And the financial costs of reducing class sizes on that scale would be exceptionally high--$2,306 per pupil according to calculations by Caroline Hoxby of Harvard University. There is only a finite amount of money available, so every dollar spent on class size reduction is a dollar that will not be available for salary increases, books, equipment, or the implementation of other reform policies. This will be true no matter how much money a school system has. Given that other reform strategies are more promising and less costly, the modest benefits of class size reduction simply can't justify the very large sacrifices that would have to be made.
The certification myth
In a review conducted for the Abell Foundation, researchers found that teachers holding a master's in education did not produce higher student performance, and among new teachers, traditional certification made no difference in student performance. After examining every available study on the impact of teaching credentials on job performance--171 in total--Eric Hanushek found that only nine uncovered any significant positive relationship between credentials and student performance, five found a significant negative relationship between the two, and 157 showed no connection. Looking at Teach For America--a program that lets recent college graduates become teachers without obtaining traditional education credentials--three scholars at Mathematica Policy Research found that students taught by these non-credentialed instructors made significant gains in math in one year, and kept pace in reading. Current policy--which generally centers on teachers having education certificates--therefore appears to be seriously misguided.
Members of the education establishment fiercely resist giving up the old linkage of pay to paper accomplishments. When Michigan adopted new standards emphasizing a teacher's proven academic ability (as measured in skills tests) rather than their credentials or years of experience, the Detroit News profiled angry teachers. "It's a slap in my face that I have to go back and take a test," said one teacher with a master's degree and 30 years of experience.
Until we stop hiring and financially rewarding teachers according to qualifications that are irrelevant to their performance, we can never expect improved quality in classroom instruction.
The rich-school myth
Some point out that private schools don't always provide all the services that public schools do: transportation, special ed classes, lunch, counseling. But in an analysis comparing public-school and Catholic-school costs in New York, D.C., Dayton, and San Antonio, researchers found that excluding all of these services plus administration costs from the public-school ledger still left public schools with significantly more resources than Catholic schools. Besides, if public schools provide additional services, then those services should contribute to their students' educational outcomes. All spending is ultimately relevant to the question of a school's cost-effectiveness.
Just as lack of money cannot be blamed for poor outcomes in public schools, neither can differences in selectivity be held responsible. Surprising as it may be, most private schools are not very selective. A study of the nation's Catholic schools concluded that the typical institution accepted 88 percent of the students who applied. Other research in D.C., Dayton, and New York private schools found that only 1 percent of parents reported their children were denied admission because of a failed admissions test. Moreover, the academic and demographic backgrounds of students who use vouchers to attend private school across the country are very similar to those who don't.
In any case, numerous studies have compared what happens when students with identical backgrounds attend private versus public schools. And consistently, in study after study, the matched peers who remain in public schools do less well than children who shift to private schools. Higher student achievement is clearly attributable to some difference in the way private schools instruct--and not to more money, or simple exclusion of difficult students.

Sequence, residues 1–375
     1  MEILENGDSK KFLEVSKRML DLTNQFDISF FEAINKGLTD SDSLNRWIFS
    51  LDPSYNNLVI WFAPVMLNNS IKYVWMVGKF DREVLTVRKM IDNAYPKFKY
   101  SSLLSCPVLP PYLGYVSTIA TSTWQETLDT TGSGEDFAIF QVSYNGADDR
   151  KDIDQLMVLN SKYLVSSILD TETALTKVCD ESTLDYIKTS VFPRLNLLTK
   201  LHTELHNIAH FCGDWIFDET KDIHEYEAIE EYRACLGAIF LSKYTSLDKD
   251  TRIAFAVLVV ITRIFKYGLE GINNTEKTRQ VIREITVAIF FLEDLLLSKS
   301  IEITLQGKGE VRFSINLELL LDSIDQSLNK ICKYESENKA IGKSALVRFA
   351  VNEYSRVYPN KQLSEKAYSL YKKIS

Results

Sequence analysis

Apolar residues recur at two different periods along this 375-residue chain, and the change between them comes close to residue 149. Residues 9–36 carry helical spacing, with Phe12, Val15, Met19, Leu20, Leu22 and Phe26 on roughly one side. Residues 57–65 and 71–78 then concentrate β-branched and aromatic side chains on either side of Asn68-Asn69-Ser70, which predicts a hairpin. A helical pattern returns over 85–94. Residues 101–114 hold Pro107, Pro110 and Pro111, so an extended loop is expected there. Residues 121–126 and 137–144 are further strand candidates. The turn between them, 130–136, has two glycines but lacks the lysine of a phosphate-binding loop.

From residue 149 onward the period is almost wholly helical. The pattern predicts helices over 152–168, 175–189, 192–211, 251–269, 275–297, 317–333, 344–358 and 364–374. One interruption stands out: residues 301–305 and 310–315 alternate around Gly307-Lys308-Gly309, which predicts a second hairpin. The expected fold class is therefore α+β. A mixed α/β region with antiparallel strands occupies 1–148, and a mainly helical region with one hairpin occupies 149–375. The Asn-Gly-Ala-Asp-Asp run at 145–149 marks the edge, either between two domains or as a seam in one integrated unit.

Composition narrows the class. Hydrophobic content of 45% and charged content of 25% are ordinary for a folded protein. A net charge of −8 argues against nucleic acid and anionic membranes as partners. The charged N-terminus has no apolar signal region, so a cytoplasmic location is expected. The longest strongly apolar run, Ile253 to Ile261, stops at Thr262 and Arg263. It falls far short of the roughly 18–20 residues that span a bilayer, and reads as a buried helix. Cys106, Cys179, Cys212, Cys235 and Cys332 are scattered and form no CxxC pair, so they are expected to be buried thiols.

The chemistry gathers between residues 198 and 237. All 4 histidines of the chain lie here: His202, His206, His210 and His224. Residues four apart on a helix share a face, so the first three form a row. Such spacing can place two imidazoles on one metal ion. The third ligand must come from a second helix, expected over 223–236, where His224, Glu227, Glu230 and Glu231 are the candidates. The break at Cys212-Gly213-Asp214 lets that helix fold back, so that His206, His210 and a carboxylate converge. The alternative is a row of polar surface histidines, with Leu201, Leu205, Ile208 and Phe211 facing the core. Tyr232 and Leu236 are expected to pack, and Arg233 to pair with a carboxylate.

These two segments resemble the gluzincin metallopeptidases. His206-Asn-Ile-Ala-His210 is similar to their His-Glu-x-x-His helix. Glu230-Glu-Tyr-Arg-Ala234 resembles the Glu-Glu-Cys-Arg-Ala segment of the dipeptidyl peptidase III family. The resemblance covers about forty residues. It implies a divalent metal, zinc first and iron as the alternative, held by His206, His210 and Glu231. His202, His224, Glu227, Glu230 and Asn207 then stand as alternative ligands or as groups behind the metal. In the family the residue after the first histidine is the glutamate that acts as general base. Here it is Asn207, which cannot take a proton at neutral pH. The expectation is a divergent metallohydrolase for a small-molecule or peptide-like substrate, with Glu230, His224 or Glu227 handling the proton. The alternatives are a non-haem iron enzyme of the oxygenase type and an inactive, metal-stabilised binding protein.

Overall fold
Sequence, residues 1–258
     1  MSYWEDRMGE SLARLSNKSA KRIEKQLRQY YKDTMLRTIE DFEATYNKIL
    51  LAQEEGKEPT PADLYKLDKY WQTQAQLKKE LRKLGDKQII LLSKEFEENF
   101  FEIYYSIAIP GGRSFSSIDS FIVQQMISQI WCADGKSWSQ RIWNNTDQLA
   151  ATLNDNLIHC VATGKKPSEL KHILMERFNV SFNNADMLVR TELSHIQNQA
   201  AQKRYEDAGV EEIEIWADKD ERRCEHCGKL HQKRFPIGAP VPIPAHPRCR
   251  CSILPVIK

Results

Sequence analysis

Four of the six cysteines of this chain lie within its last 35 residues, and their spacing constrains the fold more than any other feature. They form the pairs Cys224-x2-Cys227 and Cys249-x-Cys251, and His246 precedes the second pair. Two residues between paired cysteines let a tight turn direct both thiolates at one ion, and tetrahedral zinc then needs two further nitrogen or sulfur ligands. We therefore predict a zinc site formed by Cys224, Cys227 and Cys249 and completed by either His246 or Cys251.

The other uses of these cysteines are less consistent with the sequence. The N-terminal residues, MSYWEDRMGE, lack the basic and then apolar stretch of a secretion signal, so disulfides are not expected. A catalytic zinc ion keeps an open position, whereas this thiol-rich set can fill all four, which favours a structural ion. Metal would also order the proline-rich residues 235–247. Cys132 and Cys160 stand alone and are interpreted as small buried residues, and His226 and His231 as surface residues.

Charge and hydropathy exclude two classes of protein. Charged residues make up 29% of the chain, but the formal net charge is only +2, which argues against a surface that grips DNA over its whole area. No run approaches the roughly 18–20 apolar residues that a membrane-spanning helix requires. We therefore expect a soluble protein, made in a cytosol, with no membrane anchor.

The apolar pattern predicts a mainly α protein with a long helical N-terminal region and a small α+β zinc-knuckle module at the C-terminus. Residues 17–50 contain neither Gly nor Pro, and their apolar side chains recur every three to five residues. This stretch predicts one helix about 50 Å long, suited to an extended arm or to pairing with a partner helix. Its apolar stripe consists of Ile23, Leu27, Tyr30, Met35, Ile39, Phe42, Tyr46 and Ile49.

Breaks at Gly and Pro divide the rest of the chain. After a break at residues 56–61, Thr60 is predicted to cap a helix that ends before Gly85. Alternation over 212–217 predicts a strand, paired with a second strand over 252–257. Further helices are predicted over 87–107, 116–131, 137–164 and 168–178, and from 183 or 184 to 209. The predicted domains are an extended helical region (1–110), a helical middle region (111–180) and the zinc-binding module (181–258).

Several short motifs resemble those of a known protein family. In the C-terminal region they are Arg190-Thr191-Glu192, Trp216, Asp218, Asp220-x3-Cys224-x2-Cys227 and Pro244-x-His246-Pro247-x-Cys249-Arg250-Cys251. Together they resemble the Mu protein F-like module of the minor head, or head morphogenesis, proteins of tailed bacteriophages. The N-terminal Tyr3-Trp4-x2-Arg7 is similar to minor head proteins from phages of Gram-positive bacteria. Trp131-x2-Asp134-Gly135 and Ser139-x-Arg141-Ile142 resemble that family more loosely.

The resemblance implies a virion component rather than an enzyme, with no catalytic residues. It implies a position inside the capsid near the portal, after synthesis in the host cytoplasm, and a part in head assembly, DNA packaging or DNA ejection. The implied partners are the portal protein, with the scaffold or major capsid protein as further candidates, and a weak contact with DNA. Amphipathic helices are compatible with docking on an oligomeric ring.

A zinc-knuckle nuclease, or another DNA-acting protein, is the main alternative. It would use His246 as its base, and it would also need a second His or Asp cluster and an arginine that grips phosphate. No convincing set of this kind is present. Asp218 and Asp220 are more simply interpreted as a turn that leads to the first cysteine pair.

The myth of ineffective school vouchers
There have been eight random-assignment studies of school voucher programs, and in seven of them, the benefits for voucher recipients were statistically significant. In Milwaukee, for example, a study I conducted with two researchers from Harvard found that students awarded vouchers to attend private schools outperformed a matched control group of students in Milwaukee public schools. After four years, the voucher students had reading scores six percentile points above the control group, and standardized math results 11 percentile points higher. All of the students in this study (which is mirrored by other research) were low-income and Hispanic or African American.
In a study of a different program based in Charlotte, North Carolina, I found that recipients of privately funded vouchers outperformed peers who did not receive a voucher by six percentile points after one year. All of the students studied were from low-income households. In New York City, a privately funded school choice program has been the subject of many careful studies. One found that African-American voucher recipients outperformed the control group by 9 percentile points after three years in the program. Another analysis found a difference of 5 percentile points in math. A similar program in Washington, D.C. resulted in African-American students outperforming peers without vouchers by 9 percentile points after two years.
Every one of the voucher programs studied resulted in enthusiastic support from parents as well. And all this was achieved in private schools that expend a mere fraction of the amount spent per student in public schools. The most generously funded of the five voucher programs studied, the Milwaukee program, provides students with only 60 percent of the $10,112 spent per pupil in that city's public schools. The privately funded voucher programs spend less than half what public schools spend per pupil. Better performances, happier parents, for about half the cost: if similar results were produced for a method of fighting cancer, academics and reporters would be elated.